The good news is that it’s easy.  As long as you buy your sunglasses from a reputable store (not secondhand or from a street vendor), if the label says that the glasses protect against UV rays, you’ve got what you need.  You want to be sure you’re guarding against both UVA and UVB rays, just like you do with your sunscreen.  Those sunglasses can be $5 sunglasses or $300 sunglasses, and they’ll provide the same protection.

The same goes from the color of the tint.  I had always assumed that the darker the glasses, the more the protection, but that isn’t the case.  The tint isn’t what provides the protection against UV rays, so it’s your personal preference how dark you want your sunglasses and what color.  Brown lenses help to reduce glare and increase color contrast so are great for sports and other detail oriented times.  Grey lenses also help to reduce glare but maintain more natural colors while yellow and rose lenses enhance contrast and definition and are best for lower light conditions.

Unfortunately, kids being kids, I don’t trust them to take sunglasses with them when I’m not supervising, which means they can’t really use them while outside for recess at school and other times when I’m not around.  Mister Man wears glasses, and I was also concerned about him switching out his glasses for sunglasses and losing (again) his regular glasses.  Fortunately there are transition lenses, which I think are the solution I need to get for him.  The downfall is that most regular glasses don’t have as much coverage as sunglasses do, but it’s better to have some protection than none.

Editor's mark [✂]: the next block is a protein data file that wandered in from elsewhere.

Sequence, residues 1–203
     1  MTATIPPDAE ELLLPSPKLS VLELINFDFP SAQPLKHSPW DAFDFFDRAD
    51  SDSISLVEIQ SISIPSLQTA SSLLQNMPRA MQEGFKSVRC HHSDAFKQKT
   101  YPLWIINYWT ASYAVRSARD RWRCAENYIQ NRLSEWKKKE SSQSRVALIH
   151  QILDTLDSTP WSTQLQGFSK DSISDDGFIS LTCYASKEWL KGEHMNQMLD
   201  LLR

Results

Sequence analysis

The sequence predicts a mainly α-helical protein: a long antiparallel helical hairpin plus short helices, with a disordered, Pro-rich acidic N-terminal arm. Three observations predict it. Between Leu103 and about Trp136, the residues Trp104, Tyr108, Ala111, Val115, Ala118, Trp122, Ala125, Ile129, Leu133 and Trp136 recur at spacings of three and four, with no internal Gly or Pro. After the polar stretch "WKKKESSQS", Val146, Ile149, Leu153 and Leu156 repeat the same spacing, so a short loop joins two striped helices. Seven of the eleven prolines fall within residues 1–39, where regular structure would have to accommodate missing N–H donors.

And the coolest thing I learned about UV protection comes in the pool.  I mentioned that I always wear my sunglasses when I’m in the pool because the light bothers my eyes, and water reflects up to 100 percent of the UV rays.  There are now companies that make UV goggles.  How cool is that?  In fact, when I went to go check the goggles that I’d purchased (against my better judgement) for the wee ones for the upcoming pool season, I was pleased to see that they had UV protection.

Goggles with UV protection

I usually prefer that the wee ones not wear goggles because I want them to be comfortable with the water on their face and they have some sensory issues, but now you can bet that I’ll be pushing them to wear goggles all the time when they’re at the pool.  Worst case scenario, if your child doesn’t like goggles, at least make sure you put on sunglasses for them during the 15 minute safety breaks most pools take each hour to give your child’s eyes a break, too.

The wee ones aren’t thrilled that I’m pushing sunglasses again because they aren’t used to wearing them, and it isn’t super comfortable for them – yet.  But just like with any other change, they’ll get used to it, and down the road, I know they’ll appreciate it!


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Comments

  1. I have to wear glasses for distance and for reading, so for the past 20 years or so, I’ve always gotten the ones that turn dark in sunlight. For the past 10 or 15 years, I’ve had transition lenses, which show no lines as do bifocals or trifocals, but rather they have no lines but are infinte-focal, if there is such a word, Now I’m wishing I’d made our sons wear sunglasses. Our eldest son has to wear them now because his eyes are extremely sun-sensitive.